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University of Glasgow
The Hunterian Museum

February 26th 1975

Dear Dr. Velikovsky,

I expect someone has already drawn your attention to my letter in the New Scientist of last April about mammoth dates but I enclose a copy in case no-one has. For some reason I missed it myself at the time.

We are trying to for the nucleus of a society over here for those devoted to studying your ideas rationally. I would like it to be called the Whiston Society after your 17th century predecessor. It is too early yet to tell whether it will get off the ground but our campaign of advertisement has hardly started yet. I have hopes.

I do hope that all is well with you and your family and that you are allowing yourself abundant time for finishing your books. Everyone interested to whom I speak asks when we are to see some more!

With kind regards,

Dr. I. Velikovskky
78 Hartley Avenue,
New Jersey,

Euan MacKie


New Scientist, 4 April 1974, p. 39

Sir,—Regarding your Washington editor’s article “Velikovsky in chaos” (7 March, p. 624) may one hope that readers interested in this potentially revolutionary topic will follow the rational advice implied in your accompanying editorial comments and read Velikovsky’s works even though this may involve the grave risk of being likened by Mr. Chedd to a guru’s acolyte?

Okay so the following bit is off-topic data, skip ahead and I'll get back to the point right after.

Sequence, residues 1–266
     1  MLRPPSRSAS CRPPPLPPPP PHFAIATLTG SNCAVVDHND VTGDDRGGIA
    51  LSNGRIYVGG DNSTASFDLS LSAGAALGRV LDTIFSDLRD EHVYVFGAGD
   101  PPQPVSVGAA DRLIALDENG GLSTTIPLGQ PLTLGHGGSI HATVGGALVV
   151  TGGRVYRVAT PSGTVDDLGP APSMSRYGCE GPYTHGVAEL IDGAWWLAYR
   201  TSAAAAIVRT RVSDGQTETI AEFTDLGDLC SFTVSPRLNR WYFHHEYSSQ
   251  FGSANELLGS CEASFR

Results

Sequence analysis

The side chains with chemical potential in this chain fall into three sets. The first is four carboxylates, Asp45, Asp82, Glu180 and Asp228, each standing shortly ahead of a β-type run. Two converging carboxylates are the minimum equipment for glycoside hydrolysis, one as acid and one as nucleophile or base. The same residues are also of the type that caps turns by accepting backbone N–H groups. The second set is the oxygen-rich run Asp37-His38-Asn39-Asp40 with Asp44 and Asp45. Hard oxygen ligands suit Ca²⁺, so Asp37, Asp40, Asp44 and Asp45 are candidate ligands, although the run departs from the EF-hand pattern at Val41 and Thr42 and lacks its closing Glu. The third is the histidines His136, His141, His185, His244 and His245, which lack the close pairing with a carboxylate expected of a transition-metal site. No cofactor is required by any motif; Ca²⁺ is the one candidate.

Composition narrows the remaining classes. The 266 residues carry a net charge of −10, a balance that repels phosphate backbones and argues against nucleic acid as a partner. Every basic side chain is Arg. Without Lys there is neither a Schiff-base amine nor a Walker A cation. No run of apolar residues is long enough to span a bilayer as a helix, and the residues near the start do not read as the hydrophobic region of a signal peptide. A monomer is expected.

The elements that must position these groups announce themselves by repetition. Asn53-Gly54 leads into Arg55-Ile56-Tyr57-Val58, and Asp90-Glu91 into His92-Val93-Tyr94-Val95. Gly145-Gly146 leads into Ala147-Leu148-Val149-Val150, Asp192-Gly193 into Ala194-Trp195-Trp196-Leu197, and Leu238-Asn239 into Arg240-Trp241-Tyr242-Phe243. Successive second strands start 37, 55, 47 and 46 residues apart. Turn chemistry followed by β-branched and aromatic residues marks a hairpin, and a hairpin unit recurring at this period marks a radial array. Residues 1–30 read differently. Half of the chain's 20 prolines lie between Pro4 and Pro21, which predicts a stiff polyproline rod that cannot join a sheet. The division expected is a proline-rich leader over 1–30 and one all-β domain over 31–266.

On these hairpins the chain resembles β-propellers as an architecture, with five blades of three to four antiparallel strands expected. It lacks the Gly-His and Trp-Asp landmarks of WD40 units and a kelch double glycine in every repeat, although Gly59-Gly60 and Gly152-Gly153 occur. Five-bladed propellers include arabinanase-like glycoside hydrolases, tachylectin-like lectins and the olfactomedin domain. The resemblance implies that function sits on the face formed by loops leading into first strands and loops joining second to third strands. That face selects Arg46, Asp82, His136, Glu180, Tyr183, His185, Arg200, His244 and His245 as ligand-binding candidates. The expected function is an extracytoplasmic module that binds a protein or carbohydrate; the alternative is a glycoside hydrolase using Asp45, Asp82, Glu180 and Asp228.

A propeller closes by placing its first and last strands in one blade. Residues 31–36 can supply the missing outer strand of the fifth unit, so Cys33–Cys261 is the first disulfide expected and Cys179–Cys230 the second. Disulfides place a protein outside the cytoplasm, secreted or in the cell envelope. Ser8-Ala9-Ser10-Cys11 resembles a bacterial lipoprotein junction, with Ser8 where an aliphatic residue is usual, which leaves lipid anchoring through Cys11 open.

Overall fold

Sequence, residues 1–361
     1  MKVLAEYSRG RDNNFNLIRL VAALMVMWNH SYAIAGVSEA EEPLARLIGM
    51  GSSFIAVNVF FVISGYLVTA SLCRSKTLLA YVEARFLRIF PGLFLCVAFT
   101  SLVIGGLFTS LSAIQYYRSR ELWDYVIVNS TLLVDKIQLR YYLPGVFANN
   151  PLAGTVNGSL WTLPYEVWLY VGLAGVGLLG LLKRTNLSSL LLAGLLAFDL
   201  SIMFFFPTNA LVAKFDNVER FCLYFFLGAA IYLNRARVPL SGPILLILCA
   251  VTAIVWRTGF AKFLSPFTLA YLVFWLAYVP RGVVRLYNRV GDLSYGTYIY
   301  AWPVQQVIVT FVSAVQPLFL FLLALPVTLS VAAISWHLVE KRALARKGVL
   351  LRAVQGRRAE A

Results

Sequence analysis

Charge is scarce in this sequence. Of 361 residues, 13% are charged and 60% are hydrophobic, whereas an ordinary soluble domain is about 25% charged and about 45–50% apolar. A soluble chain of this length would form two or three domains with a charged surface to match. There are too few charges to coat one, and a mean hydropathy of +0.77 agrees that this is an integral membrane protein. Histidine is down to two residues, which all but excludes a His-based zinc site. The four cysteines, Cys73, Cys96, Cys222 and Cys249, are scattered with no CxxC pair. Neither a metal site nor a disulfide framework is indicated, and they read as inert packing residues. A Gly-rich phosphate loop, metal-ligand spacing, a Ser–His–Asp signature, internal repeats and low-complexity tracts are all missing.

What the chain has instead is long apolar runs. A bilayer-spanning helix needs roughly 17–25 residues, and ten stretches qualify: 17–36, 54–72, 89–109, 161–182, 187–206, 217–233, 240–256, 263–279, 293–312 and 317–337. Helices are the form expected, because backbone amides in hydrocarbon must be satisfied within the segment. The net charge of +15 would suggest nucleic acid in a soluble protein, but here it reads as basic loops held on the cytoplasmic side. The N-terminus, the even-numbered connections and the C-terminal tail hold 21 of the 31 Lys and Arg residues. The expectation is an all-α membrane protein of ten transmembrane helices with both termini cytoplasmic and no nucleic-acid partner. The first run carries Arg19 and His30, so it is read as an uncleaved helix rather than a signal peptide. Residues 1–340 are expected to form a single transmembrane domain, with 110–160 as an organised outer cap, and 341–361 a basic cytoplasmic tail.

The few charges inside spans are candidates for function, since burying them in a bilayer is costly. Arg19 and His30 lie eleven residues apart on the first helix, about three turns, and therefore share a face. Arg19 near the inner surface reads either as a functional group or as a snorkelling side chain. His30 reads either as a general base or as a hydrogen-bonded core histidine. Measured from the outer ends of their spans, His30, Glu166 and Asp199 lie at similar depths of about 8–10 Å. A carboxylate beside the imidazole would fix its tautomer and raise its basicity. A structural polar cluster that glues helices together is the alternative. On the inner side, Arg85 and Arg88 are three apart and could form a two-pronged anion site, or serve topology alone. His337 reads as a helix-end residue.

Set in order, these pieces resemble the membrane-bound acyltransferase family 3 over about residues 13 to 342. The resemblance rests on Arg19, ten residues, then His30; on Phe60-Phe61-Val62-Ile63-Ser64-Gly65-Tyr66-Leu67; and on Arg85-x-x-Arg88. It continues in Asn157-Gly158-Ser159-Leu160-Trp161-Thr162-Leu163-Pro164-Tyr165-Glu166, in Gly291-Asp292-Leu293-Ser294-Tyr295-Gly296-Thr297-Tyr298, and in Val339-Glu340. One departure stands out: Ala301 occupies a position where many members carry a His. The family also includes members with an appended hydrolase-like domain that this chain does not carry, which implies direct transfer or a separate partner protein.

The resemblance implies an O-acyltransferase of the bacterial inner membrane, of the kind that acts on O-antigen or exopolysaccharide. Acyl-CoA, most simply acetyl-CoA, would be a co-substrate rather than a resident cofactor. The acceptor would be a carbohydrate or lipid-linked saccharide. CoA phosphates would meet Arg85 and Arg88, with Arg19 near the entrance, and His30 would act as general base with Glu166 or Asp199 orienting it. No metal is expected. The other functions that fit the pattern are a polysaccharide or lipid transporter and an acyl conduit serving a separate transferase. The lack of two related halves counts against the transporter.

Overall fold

The article gives me an opportunity to point out that the example I selected in “A challenge to the integrity of science?” (New Scientis, vol. 57, p. 76) to show that some of Velikovsky’s claims have been disproved has turned out since to be not suitable for that purpose. The subject was the time of the final extinction of the mammoths and I noted then that radiocarbon dates for ammoth remains had all turned out to be many thousands of years earlier than the 15th century BC, one of two eras selected by Velikovsky as a possible time for their extinction (the other being the 8th century BC).
However in the journal Radiocarbon (vol. 15, p. 114, 1973) there are published three dates for the bones of a mammoth found in Bavaria which turned out to be ±70, 2080±80 and 2120±60 BC (KI 358), an average of about 1975 BC.* Even if they are corrected by the tree-ring calibration these dates still apaprently show that mammoths were alive in Gemany in late Neolithic times, towards the end of the 3rd millennium BC and not many centuries before the time Velikovsky claimed.

Euan W. Mackie

29 Banavie Road
Glasgow G11 5AW

*misprint = 1940 b.c.

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